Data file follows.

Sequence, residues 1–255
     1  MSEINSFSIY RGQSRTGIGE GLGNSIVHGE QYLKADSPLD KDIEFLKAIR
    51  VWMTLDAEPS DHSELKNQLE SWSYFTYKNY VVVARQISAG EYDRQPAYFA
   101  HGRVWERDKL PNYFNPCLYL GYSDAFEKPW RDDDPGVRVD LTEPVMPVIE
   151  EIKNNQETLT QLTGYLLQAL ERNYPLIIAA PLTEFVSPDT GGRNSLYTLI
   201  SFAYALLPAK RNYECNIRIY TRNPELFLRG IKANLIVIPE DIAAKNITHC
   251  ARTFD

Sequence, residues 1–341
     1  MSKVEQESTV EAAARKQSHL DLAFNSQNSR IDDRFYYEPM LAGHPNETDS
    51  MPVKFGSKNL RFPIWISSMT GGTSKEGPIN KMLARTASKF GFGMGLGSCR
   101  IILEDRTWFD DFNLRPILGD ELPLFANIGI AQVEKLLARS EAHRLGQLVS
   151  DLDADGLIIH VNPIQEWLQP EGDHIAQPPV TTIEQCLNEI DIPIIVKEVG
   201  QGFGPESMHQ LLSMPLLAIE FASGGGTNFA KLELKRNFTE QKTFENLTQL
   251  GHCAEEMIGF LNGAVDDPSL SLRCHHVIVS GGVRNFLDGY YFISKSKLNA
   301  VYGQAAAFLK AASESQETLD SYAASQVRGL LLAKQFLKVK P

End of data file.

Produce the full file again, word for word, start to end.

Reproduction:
Sequence, residues 1–255
     1  MSEINSFSIY RGQSRTGIGE GLGNSIVHGE QYLKADSPLD KDIEFLKAIR
    51  VWMTLDAEPS DHSELKNQLE SWSYFTYKNY VVVARQISAG EYDRQPAYFA
   101  HGRVWERDKL PNYFNPCLYL GYSDAFEKPW RDDDPGVRVD LTEPVMPVIE
   151  EIKNNQETLT QLTGYLLQAL ERNYPLIIAA PLTEFVSPDT GGRNSLYTLI
   201  SFAYALLPAK RNYECNIRIY TRNPELFLRG IKANLIVIPE DIAAKNITHC
   251  ARTFD

Sequence, residues 1–341
     1  MSKVEQESTV EAAARKQSHL DLAFNSQNSR IDDRFYYEPM LAGHPNETDS
    51  MPVKFGSKNL RFPIWISSMT GGTSKEGPIN KMLARTASKF GFGMGLGSCR
   101  IILEDRTWFD DFNLRPILGD ELPLFANIGI AQVEKLLARS EAHRLGQLVS
   151  DLDADGLIIH VNPIQEWLQP EGDHIAQPPV TTIEQCLNEI DIPIIVKEVG
   201  QGFGPESMHQ LLSMPLLAIE FASGGGTNFA KLELKRNFTE QKTFENLTQL
   251  GHCAEEMIGF LNGAVDDPSL SLRCHHVIVS GGVRNFLDGY YFISKSKLNA
   301  VYGQAAAFLK AASESQETLD SYAASQVRGL LLAKQFLKVK P